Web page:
Combinator hires first black partner to recruit more minorities
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Combinator hires first black partner to recruit more minorities

June 12, 2015
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Combinator has hired its first black partner to aid in the drive to recruit more minority entrepreneurs. Prominent Silicon Valley entrepreneur Michael Seibel is joining as a full-time partner to coach high-tech hopefuls, he told USA TODAY.

A key part of his mission will be reaching out to blacks and Hispanics who are underrepresented in Y Combinator and more broadly in Silicon Valley. Y Combinator is Silicon Valley’s most famous — and most influential — incubator, graduating companies such as Airbnb and Dropbox that have grown into household names.

Entrepreneurs who go through the start-up boot camp gain access to money and advice from some of the industry’s most powerful players and get coverage from technology blogs, a major advantage in an increasingly crowded marketplace.

“Minorities often feel like they are on the outside looking in when it comes to the valley and tech start-ups in general,” the 32-year-old entrepreneur said in an interview this week. “What I Iove about Y Combinator is that it is a level playing field. If you get in, you immediately become a Silicon Valley insider.”

Sam Altman, who took over as president of Y Combinator in February, is pushing to increase the number of minorities applying to — and being accepted into — the incubator. Of the founders in the winter class, 7% are either black or Hispanic, the most of any class in its history.

While Y Combinator is making progress, “there is much work to do,” Seibel said.

Seibel’s track record in Silicon Valley will send the message to entrepreneurs of diverse backgrounds that they, too, can break into high-tech, Altman said.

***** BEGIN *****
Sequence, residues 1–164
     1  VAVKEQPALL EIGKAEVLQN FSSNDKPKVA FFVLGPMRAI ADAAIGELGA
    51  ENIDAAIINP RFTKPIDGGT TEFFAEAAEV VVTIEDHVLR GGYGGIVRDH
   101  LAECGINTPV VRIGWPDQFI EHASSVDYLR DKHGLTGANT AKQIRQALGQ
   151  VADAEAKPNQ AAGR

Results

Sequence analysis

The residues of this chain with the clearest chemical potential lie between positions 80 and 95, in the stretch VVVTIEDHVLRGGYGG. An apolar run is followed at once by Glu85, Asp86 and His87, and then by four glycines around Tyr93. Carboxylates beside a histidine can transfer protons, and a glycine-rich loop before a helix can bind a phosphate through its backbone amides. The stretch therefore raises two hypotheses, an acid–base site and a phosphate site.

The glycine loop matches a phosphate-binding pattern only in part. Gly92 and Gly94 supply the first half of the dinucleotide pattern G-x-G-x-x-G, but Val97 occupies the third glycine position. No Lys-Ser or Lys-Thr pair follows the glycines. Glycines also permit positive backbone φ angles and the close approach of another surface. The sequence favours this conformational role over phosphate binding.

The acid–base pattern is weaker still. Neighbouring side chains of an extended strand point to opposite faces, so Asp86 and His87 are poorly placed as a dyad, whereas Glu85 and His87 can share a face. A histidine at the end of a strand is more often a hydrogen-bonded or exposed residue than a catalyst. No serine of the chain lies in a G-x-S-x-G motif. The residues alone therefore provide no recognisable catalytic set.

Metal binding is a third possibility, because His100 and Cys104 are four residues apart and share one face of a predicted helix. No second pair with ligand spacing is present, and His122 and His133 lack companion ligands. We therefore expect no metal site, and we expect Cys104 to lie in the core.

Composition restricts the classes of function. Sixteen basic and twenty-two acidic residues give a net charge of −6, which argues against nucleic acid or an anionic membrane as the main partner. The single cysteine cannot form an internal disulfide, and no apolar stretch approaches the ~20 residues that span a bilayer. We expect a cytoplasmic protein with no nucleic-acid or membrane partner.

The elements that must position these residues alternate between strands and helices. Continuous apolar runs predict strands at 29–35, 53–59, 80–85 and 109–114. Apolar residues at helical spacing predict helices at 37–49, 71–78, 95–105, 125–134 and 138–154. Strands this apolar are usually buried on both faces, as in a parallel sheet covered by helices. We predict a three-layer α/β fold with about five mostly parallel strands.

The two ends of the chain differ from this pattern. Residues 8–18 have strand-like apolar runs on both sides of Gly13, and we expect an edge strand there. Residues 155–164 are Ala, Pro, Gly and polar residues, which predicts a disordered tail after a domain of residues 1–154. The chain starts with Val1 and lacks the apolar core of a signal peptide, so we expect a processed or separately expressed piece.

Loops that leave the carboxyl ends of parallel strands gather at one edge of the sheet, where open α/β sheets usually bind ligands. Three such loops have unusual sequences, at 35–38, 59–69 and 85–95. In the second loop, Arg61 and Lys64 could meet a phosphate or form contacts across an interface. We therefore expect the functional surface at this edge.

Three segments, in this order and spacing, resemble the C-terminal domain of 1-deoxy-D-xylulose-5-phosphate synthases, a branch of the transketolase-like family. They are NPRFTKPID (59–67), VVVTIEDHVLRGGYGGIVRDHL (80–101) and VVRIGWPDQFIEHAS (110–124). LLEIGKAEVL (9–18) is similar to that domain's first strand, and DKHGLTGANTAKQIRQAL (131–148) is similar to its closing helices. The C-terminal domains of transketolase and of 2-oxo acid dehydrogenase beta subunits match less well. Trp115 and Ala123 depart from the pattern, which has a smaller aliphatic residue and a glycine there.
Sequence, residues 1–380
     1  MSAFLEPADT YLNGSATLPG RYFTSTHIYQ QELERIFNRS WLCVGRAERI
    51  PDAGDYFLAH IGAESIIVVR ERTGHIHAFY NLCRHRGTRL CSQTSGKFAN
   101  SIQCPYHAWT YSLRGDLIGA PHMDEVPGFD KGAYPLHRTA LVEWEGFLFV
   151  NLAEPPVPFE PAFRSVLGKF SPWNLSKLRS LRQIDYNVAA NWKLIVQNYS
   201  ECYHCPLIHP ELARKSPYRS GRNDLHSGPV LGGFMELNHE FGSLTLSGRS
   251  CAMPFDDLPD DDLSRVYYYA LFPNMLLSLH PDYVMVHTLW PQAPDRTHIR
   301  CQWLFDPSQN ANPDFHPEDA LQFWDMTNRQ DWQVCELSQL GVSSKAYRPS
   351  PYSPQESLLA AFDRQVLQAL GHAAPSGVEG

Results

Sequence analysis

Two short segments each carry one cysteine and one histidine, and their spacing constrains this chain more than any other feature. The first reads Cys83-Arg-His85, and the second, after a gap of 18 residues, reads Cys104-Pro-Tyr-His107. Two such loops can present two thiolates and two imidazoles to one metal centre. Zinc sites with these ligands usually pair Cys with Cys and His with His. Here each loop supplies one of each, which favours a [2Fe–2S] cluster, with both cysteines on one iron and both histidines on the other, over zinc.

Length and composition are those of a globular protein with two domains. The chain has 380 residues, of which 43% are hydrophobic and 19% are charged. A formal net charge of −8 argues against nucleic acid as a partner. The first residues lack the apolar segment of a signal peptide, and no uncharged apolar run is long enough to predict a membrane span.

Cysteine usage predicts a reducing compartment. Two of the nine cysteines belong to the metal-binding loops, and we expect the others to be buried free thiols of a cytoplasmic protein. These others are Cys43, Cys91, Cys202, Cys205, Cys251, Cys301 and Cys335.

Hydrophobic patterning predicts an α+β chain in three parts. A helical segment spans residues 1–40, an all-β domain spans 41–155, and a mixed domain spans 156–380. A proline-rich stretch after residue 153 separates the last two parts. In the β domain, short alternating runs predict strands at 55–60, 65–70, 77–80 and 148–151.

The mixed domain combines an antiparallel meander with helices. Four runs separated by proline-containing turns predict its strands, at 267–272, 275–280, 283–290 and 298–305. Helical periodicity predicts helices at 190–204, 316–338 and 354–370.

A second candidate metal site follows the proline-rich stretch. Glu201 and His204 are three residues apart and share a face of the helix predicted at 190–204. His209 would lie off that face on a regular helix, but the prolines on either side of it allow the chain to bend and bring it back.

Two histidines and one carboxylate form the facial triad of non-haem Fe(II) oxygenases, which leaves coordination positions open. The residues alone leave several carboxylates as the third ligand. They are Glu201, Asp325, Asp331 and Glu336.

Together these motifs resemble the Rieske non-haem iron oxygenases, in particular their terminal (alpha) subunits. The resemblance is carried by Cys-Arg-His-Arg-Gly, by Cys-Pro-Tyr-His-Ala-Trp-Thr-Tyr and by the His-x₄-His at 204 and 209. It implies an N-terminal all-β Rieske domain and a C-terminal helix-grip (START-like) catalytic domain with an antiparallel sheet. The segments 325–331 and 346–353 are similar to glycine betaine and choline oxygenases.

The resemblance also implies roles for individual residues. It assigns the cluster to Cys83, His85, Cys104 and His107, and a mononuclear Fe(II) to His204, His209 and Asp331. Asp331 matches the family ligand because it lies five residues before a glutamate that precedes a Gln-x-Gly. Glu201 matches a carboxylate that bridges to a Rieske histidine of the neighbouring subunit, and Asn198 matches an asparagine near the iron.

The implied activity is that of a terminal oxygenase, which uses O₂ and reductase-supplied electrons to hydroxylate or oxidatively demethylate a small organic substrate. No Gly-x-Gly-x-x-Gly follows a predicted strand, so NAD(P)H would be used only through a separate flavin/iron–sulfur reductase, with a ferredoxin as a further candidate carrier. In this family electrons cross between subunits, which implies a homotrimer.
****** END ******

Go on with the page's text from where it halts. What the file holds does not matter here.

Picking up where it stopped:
“We need to think long term about how to get a broader set of people to start start-ups,” Altman said. “I think Michael is going to be a great driver of this. He is such a role model.”
Women, blacks and Hispanics have been largely left out of one what has become the world’s greatest wealth creation machine for white and Asian men.

A major barrier to entry for underrepresented minorities in Silicon Valley: gaining access to venture capital — and the experience and connections of high-profile investors.

A report in 2010 by CB Insights found that fewer than 1% of venture capital-backed Internet companies were founded by African Americans.

“I wish that all other venture funders thought about this the way we do,” Altman said. “In the meantime, we have this incredible competitive advantage because no one else is doing this.” Looking to keep its competitive edge, Silicon Valley is wrestling with how to attract more blacks and Hispanics and create a more welcoming culture so the region does not miss out on promising people and cutting edge ideas.

Recent data released by top technology companies shows most of their employees are white and Asian men.

About 1% of engineers at Facebook, Google and Twitter are black and around 3% are Hispanic. Men fill nearly 70% of all jobs and more than 80% of technical jobs at these companies.

After years of downplaying the lack of diversity in their ranks, companies are taking steps to address the lopsided numbers and hire and promote more women and people of color.

A key part of his mission will be reaching out to blacks and Hispanics who are underrepresented in Y Combinator and more broadly in Silicon Valley. Y Combinator is Silicon Valley’s most famous — and most influential — incubator, graduating companies such as Airbnb and Dropbox that have grown into household names.

Entrepreneurs who go through the start-up boot camp gain access to money and advice from some of the industry’s most powerful players and get coverage from technology blogs, a major advantage in an increasingly crowded marketplace.

“Minorities often feel like they are on the outside looking in when it comes to the valley and tech start-ups in general,” the 32-year-old entrepreneur said in an interview this week. “What I Iove about Y Combinator is that it is a level playing field. If you get in, you immediately become a Silicon Valley insider.”

Seibel is hoping to cast a much wider net by reaching out to entrepreneurs all over the country.

Keyser Soze
Keyser Soze http://wizedesign.com/

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